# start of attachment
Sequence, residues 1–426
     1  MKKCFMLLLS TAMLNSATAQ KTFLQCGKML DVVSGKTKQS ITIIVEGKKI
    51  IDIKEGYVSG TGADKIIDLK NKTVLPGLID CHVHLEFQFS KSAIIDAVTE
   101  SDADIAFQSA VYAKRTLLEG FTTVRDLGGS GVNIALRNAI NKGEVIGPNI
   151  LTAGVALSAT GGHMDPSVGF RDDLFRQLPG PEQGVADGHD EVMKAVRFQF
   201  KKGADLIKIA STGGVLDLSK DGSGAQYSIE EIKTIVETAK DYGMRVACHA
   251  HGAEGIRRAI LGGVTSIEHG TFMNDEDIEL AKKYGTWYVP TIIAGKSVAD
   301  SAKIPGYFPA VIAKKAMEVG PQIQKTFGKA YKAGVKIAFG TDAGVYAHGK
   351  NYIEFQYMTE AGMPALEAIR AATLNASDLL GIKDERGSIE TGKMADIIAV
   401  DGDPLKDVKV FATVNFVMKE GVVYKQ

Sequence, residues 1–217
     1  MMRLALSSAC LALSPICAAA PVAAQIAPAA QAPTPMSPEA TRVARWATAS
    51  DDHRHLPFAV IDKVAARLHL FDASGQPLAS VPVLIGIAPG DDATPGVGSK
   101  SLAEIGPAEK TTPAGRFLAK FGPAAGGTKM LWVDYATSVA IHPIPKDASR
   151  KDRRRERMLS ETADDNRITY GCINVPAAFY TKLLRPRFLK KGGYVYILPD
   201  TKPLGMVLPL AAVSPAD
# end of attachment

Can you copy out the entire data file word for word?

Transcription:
Sequence, residues 1–426
     1  MKKCFMLLLS TAMLNSATAQ KTFLQCGKML DVVSGKTKQS ITIIVEGKKI
    51  IDIKEGYVSG TGADKIIDLK NKTVLPGLID CHVHLEFQFS KSAIIDAVTE
   101  SDADIAFQSA VYAKRTLLEG FTTVRDLGGS GVNIALRNAI NKGEVIGPNI
   151  LTAGVALSAT GGHMDPSVGF RDDLFRQLPG PEQGVADGHD EVMKAVRFQF
   201  KKGADLIKIA STGGVLDLSK DGSGAQYSIE EIKTIVETAK DYGMRVACHA
   251  HGAEGIRRAI LGGVTSIEHG TFMNDEDIEL AKKYGTWYVP TIIAGKSVAD
   301  SAKIPGYFPA VIAKKAMEVG PQIQKTFGKA YKAGVKIAFG TDAGVYAHGK
   351  NYIEFQYMTE AGMPALEAIR AATLNASDLL GIKDERGSIE TGKMADIIAV
   401  DGDPLKDVKV FATVNFVMKE GVVYKQ

Sequence, residues 1–217
     1  MMRLALSSAC LALSPICAAA PVAAQIAPAA QAPTPMSPEA TRVARWATAS
    51  DDHRHLPFAV IDKVAARLHL FDASGQPLAS VPVLIGIAPG DDATPGVGSK
   101  SLAEIGPAEK TTPAGRFLAK FGPAAGGTKM LWVDYATSVA IHPIPKDASR
   151  KDRRRERMLS ETADDNRITY GCINVPAAFY TKLLRPRFLK KGGYVYILPD
   201  TKPLGMVLPL AAVSPAD